Did you ever get that feeling when you were telling someone something important, that they were more interested in telling you their experience rather than hearing you out? So often, a listener will interject in the flow of your story to tell you their experience or to try to fix your problem. If I reflect on times that this has happened to me, I recall that I have walked away feeling unheard and unsatisfied by the interaction. And certainly no closer to a resolution. As the speaker, that’s not what I need. As the speaker I need to feel heard, particularly if I’m telling the listener about a problem that I have.
I don’t suggest in any way that our friends and family members don’t mean well when they interrupt with advice or relate it to their own experiences. Really I think that this is what we, as humans, are conditioned to do. But our evolutionary and societal conditioning doesn’t always point us in the right direction. Being a good listener is rarely something that is innate in a person and is something that must be learnt. My experience tells me that it is actually quite a simple thing to do, and the results can be spectacular. Truly listening to your partner or friend or family member will result in increased connection between you. The speaker feels heard and understood and the listener understands the needs of the speaker.
I’m a huge fan of Mark Groves (on Instagram as @createthelove) and his no nonsense advice on relationships. Grovesy (as I tend to call him!) recently posted his thoughts on this. He said, that next time your partner is venting, try asking “Do you want me to help you, or just listen?” I think this is a potentially relationship-changing idea. Us men so often want to fix things for their partners – but I’m told it’s not just the guys doing it. We don’t like seeing our partner or friend in pain of any kind, so our natural response is to try to fix it. I can say without reservation that this was once my default position too. But the person sharing their problem often wants nothing more than to be heard. So, if the answer to Grovesy’s question is “just listen”, then we need to think about what’s important when we’re doing this.
I have come across a range of terms and approaches to doing this: mindful listening, active listening, and reflective listening. There are even many more – a quick Google search will affirm this – and similar strategies are employed by psychologists and similar practitioners the world over. Reflective listening is achieved by demonstrating empathy to the speaker, by returning what you have heard with genuine understanding. It isn’t simply a matter of parroting what they have said, but rather by providing them with affirmation and reflecting back to them your acceptance and understanding of what has been shared. The key here is being genuine and truly empathic. Putting yourself in their shoes to give your response.
By nature, my blog won’t allow me to go into significant detail with this, but I would like to share my experiences, having put this into practice myself. Rather than telling you a story that will give a little too much away about people in my life who haven’t given me permission to share, I’d like to tell you how it made me, the listener, feel, and what happened in those relationships or friendships.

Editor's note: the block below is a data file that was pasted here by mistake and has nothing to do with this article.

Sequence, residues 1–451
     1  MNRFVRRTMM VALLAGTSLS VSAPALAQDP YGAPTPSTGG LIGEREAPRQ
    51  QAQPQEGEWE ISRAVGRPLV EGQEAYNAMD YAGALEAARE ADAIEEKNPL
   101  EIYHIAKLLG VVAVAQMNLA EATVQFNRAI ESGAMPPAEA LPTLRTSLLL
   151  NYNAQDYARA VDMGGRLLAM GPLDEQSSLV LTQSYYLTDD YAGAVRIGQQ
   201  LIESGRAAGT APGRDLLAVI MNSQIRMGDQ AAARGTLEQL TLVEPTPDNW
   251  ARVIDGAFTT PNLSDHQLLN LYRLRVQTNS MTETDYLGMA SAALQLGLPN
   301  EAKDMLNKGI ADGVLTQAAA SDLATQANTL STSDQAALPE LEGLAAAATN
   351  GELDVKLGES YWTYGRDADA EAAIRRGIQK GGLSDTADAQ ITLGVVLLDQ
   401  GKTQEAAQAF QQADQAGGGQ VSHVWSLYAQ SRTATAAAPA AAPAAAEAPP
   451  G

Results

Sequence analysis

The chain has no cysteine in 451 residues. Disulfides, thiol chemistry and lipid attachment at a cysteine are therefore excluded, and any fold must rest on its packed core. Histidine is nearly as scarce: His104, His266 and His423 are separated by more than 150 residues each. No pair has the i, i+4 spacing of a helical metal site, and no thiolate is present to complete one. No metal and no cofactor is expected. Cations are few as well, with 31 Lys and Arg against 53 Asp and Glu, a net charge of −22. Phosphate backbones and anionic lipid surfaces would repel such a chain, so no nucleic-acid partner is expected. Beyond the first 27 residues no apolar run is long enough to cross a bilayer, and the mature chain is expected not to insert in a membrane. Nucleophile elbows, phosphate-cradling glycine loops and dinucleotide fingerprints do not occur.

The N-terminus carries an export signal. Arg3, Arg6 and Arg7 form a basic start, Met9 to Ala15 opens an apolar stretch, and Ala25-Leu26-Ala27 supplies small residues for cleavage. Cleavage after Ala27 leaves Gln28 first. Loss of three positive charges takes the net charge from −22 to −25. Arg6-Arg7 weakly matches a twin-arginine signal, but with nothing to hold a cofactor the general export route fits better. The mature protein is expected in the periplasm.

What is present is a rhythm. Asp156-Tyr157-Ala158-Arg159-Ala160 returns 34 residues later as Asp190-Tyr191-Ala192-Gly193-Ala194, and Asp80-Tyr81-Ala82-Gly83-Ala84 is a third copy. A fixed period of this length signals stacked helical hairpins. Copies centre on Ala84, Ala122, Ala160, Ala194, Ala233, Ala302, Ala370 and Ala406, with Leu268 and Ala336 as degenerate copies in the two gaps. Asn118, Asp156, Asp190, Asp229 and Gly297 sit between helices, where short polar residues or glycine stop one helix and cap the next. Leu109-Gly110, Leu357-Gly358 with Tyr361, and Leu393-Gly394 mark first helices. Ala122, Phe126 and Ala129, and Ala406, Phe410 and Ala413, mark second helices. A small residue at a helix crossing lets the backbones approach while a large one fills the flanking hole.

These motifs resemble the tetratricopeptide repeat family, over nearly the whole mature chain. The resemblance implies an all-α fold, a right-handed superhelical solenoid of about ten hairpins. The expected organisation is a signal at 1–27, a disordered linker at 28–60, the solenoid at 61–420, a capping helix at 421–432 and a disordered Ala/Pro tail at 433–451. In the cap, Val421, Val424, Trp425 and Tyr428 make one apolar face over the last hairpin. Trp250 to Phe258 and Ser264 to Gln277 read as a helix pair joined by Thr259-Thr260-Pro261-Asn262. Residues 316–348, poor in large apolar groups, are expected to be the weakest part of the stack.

Essentially, by focussing upon the content of what I was hearing, I felt as though I understood what was going on for that person. When it came time to respond, I felt able to summarise what had been said and name the feelings that were expressed. And the simple result is a deepened connection. When someone feels heard, they feel calmer and they feel encouraged. Encouraged to share again at another time. Feeling like it’s ok to share in a relationship without judgement is central to developing a secure and communicative partnership. And of course an indescribable connection.
So, how do you go about this? I’ll share a few simple steps here.
- Be present and free of distractions like TV or your phones.
- Focus on understanding the content of what is being said without judgement.
- Try to remain calm, even if the content is uncomfortable or emotional.
- Affirm by nodding or saying ‘yes’ or similar.
- At an appropriate time, reflect back to them what you have heard.
The reflection here is the part that is the most difficult and probably the thing that will take the most effort on your part. But it is also what will provide a positive effect for the speaker – if you can do it well. Give it back to them in your own words and sentence structure, ensuring that you don’t judge. Try framing your reflection by starting with something like “I’m hearing that …” Ask if what you have reflected is correct. But one of the keys to an effective reflection is to support your partner or friend in naming the emotions they are feeling. By putting a label on the emotions, it helps us to observe what’s happening for us and to see a path forward – often this is the hardest thing to do when we are experiencing a speed hump in life.
I clearly can’t give you an entire course on reflective listening here, but I can encourage you to read further and give it a go yourself if this resonates with you. I think the following links provide a few great thoughts around reflective listening and just listening in general. The articles are from Psychology Today, and I think they give a great blend of tips and reasoning to give it a try. I hope you have some success with this too!